MTSU junior Kiera Corn registered to perform community service for the Environmental Health and Safety Services Stormwater Program Tuesday (Sept. 3) during the annual Volunteer Fair.
“It’s never too late to get a little involved, helping the environment and community,” said Corn, an interior design major from Old Hickory, Tenn.
Corn was not aware of the stormwater program, which partners with the city of Murfreesboro to improve the quality of surface waters by reducing the amount of pollutants in runoff water.
“This is our big day,” said Cynthia Allen, a stormwater coordinator, mentioning that nearly 50 people had registered a little more than two hours into the four-hour Volunteer Fair. “This and CUSTOMS gives us the most volunteers for our program.”
Allen added that the fair is a good way to partner with community members who are here.”
Leadership and Service Director Jackie Victory said about 30 nonprofit agencies attended the fair, which was held outside in the Student Union Common.
“It is a really great opportunity for our students to be able to meet different people in the community, to see what the needs are in Rutherford County, be able to learn about their mission and purpose and be able to support those initiatives while they are here in school, so it’s a great partnership that we have,” Victory said.
View a YouTube video of the Volunteer Fair below.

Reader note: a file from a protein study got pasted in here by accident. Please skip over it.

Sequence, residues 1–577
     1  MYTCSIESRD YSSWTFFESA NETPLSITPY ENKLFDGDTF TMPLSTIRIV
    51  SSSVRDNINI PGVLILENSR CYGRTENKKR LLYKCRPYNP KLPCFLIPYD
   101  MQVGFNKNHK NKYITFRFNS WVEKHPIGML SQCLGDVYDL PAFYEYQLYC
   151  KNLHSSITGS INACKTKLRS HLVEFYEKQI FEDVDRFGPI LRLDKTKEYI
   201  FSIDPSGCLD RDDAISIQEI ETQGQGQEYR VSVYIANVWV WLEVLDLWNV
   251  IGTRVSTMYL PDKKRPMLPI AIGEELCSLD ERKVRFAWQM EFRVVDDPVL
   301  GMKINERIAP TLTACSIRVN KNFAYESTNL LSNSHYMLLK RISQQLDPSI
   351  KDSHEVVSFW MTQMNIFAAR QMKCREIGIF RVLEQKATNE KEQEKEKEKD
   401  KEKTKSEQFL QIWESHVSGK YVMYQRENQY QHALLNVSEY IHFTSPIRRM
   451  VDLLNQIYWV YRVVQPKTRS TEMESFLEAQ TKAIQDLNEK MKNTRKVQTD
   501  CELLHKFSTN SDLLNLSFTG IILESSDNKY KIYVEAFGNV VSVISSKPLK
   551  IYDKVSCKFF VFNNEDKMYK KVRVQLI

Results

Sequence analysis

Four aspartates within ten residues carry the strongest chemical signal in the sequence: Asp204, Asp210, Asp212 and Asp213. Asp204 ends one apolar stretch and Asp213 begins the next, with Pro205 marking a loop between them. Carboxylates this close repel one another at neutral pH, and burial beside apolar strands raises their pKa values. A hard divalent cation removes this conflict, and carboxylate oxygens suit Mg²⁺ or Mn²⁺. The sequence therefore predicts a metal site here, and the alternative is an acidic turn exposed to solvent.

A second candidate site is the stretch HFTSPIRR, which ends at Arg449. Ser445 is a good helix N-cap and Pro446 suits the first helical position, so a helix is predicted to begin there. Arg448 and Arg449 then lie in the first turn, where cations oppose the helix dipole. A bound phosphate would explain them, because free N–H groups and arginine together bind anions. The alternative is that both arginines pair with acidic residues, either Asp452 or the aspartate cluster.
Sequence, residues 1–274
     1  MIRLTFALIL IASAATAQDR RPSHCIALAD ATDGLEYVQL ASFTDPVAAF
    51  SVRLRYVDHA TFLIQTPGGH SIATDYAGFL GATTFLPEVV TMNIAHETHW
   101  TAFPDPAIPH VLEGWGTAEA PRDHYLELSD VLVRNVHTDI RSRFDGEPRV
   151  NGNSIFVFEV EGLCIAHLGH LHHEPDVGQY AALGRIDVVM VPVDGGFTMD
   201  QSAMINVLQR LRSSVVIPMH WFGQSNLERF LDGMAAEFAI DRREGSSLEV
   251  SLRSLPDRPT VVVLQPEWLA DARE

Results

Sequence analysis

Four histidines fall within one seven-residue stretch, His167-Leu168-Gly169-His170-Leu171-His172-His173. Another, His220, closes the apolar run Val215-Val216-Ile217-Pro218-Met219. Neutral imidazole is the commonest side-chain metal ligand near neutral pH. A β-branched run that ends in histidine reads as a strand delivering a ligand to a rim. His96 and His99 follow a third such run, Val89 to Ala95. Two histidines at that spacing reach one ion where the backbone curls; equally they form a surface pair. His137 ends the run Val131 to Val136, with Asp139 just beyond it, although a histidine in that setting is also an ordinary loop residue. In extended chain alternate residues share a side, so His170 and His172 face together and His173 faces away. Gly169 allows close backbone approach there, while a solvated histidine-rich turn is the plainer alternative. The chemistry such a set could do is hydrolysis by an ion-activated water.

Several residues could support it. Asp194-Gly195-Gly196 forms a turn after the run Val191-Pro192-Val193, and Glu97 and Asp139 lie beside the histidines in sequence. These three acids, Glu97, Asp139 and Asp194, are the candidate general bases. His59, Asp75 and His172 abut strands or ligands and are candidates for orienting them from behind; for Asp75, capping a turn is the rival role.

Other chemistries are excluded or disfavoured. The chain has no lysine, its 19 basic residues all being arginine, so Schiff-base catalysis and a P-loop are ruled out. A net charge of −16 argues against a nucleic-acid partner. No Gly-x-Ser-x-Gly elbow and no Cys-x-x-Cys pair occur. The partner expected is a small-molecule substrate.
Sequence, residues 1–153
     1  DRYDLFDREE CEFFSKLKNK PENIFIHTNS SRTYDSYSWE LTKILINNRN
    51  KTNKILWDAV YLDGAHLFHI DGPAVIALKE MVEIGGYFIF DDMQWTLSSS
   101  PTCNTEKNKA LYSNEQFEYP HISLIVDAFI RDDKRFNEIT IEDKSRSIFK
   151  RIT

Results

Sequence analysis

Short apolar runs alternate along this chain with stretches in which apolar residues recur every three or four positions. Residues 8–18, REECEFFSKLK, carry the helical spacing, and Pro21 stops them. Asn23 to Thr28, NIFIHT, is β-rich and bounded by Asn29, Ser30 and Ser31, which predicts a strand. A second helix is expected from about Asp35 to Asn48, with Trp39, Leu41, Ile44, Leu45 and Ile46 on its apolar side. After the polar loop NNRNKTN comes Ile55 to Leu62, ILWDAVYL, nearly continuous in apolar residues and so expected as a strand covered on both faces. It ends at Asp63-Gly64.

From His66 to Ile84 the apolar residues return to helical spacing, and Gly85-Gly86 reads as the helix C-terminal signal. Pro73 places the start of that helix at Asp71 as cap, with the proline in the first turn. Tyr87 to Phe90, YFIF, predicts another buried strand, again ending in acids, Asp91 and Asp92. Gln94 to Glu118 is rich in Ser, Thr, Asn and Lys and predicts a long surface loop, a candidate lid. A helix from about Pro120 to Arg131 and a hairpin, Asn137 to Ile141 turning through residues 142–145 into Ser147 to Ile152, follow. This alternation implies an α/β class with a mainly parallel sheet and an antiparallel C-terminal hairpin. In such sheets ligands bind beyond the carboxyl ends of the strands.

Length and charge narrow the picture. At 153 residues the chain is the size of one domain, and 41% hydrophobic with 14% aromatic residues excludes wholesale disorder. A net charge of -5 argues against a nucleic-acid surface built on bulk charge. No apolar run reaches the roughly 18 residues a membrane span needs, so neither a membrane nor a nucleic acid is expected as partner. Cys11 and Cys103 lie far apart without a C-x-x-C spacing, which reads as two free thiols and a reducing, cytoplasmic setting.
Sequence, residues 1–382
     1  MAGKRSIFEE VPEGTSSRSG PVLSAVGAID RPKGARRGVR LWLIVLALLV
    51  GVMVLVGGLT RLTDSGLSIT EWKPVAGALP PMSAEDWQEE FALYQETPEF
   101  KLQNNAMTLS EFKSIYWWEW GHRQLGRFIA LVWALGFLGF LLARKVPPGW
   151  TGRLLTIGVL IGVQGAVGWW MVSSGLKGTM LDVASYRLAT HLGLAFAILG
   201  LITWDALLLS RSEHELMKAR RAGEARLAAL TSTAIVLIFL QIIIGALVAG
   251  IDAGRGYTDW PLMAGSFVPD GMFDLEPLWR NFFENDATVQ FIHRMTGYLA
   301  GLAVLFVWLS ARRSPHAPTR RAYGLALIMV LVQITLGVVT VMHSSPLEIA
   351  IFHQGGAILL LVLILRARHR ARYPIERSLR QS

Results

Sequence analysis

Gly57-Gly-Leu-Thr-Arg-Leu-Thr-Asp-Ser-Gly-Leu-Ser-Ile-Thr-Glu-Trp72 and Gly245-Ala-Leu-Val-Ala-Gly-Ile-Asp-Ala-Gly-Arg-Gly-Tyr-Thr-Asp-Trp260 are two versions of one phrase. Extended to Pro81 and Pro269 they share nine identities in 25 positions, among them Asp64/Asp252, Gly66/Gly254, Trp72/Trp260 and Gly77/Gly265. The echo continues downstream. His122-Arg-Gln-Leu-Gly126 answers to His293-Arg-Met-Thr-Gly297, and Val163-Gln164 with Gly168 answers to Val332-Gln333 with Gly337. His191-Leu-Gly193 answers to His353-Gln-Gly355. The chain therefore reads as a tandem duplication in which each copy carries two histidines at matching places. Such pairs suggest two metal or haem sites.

Habitat for Humanity, the United Way of Rutherford and Cannon Counties, Boys and Girls Clubs, Read to Succeed, the Discovery Center at Murfree Spring, the Kittrell Volunteer Fire Department, Greenhouse Ministries and the new Volunteer Rutherford were among the agencies recruiting MTSU students as volunteers.
For Volunteer Rutherford founder and CEO Becky Lanham, participating in the Volunteer Fair was part of its Sept. 1 public launch.
Lanham said her organization, whose website is www.volunteerrutherford.com, “serves as a connector between nonprofits and the community.”
“I’m really looking forward to seeing how Volunteer Rutherford can get more students involved in the community,” Lanham said. “Say there is a student who is going to be here this weekend and not have anything to do, they can go on the site and click on event calendar and see if there’s opportunities with different agencies to volunteer, whether it be for an event or for a fundraiser.
“They also can go and browse and find different ways to get involved with all the different agencies in Rutherford County that may not be date specific, just be by their interest. If someone wants to get involved with animals, the elderly, they can search all those things on the website as well and be a really good resource for students to get involved off the campus in the community.”
Sophomore Katlyn Burton of Spring Hill, Tenn., an early childhood education and family studies major, said event organizers “should do it more often.”
Jordan Thurman, a freshman interior design major from Spring Hill, visited The Salvation Army booth with Burton and said she “likes the whole idea of serving a meal. It helps you get more involved in the community and meet more people.”
Michelle Rozell, coordinator of volunteer resources for Mothers Against Drunk Driving’s organization in Nashville, said this was MADD’s first time to attend the MTSU fair and they plan to be involved in other campuses.
“We’re trying to grow and this is one of the areas where we’re trying to grow,” said Rozell, who added that more than 300 people died in automobile accidents caused by drunk drivers in 2012.
— Randy Weiler (Randy.Weiler@mtsu.edu)
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